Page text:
The Varonas are two sisters that live in two houses in a small village far outside the city of Holguin, Cuba.
L. and son Cristian.
Corrugated steel panels for roofing is typical.
The door in the distance is the outhouse and has no running water.
M. lives on the same dirt road a few houses away.
The sisters wash clothes together because there is only one washing machine.
The white rectangular unit next to the red barrel is an old Soviet washing machine. It is increasingly difficult to find repair parts and new Chinese models cost over 250 cuc.
Proud people, the women keep their houses neat and clean.
On the distant outskirts of Trinidad, Cuba, my fellow travelers and I discovered a group of eight women making baskets. One woman, obviously the boss, invited us into the old cattle barn and allowed us to photograph.
This woman was stripping the stalks in half lengthwise.
Bundles of material ready to weave.
Working near a window for the light.
This woman never looked up from her work. Not knowing who we were, I think she was a bit afraid to stop.
After a couple of hours wondering I found myself near the oil-fired power plant in Havana. As in the U.S., many of these old plants have beautiful architecture so I got as close as I could.
Title on the sign: “Advice from the commander-in-chief”
As I rounded the corner I realized there was some repair work in progress.
Workers were replacing tubular air pre-heater modules and the old sections were being cut up on the ground.
New modules and duct-work were placed where the crane could pick them up.
I wanted to get a few images of the workers hanging on the side of the boiler house, but numerous security guards waved me away.
While exploring a dirt road on the distant outskirts of Trinidad, Cuba my fellow travelers and I were waved into the homestead of Antonio and Jose Manuel Verde. These two brothers wanted to share their hospitality and show us around their farm.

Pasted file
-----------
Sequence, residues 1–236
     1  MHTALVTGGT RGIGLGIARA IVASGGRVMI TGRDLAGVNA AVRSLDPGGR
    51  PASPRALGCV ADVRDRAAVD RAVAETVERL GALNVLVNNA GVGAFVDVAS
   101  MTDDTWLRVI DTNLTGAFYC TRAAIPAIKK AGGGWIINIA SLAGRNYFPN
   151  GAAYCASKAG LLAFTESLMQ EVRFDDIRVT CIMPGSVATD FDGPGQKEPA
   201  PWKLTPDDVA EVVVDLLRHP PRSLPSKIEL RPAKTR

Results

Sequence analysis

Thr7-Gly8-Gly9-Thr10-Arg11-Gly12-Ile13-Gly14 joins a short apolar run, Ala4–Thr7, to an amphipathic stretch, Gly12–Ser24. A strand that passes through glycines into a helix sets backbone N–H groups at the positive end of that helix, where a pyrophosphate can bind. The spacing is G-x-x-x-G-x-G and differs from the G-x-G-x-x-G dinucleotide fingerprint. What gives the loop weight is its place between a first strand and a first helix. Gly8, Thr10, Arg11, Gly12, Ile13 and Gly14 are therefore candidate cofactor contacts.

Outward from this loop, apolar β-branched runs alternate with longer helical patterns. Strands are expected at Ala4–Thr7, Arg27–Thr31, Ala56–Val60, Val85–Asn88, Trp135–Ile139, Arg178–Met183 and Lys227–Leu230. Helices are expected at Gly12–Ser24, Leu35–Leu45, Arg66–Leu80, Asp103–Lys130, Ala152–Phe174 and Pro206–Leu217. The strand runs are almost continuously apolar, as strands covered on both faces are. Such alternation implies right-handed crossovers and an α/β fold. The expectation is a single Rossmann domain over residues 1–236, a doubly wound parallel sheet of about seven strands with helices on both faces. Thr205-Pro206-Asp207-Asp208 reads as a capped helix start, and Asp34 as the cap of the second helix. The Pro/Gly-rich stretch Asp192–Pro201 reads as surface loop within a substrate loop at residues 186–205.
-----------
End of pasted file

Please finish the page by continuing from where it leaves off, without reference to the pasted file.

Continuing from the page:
Antonio did most of the talking, explaining when the mangoes would be ready to pick and guiding us through all the different crops that they harvest.
Cooking with charcoal.
Jose Manuel made us some of their home-grown coffee.
Cars aren’t the only American product that have survived the 60 years since the revolution.
These heavy, old, American-made, sewing machines just keep on working. They can be found quite often in Cuba.
This woman in Cojimar takes in sewing jobs to earn a few pesos. She was kind enough to let me photograph.
People with sewing machines in their homes can find work to do.
Singers are still used in businesses.
I wonder how many Americans have ever been this close to the Presidential limo. I don’t think one can get this close in the United States.
These photos were taken in 2016 during the U.S. President’s visit to Havana. I happened to be staying across the street.
Wide angle shot from just outside the doorway to my casa. The woman on the right is U.S. secret service.
I assume the man with the extra long backpack was also secret service. I was amazed at how relaxed all the U.S. personnel were, in comparison to the Cuban security force.
Cars filled the street ( San Rafael ) for as far as I could see and they all kept their engines running.
After jumping back and forth from one side of the street to the other, this woman said “You, SIR, are to get in one doorway and stay there”. I went back to my balcony.
Check this post for the worst kept secret in Havana :
Mercedes is a 78-year-old living with her daughter in Centro Habana who worked as a retail administrator. (manager)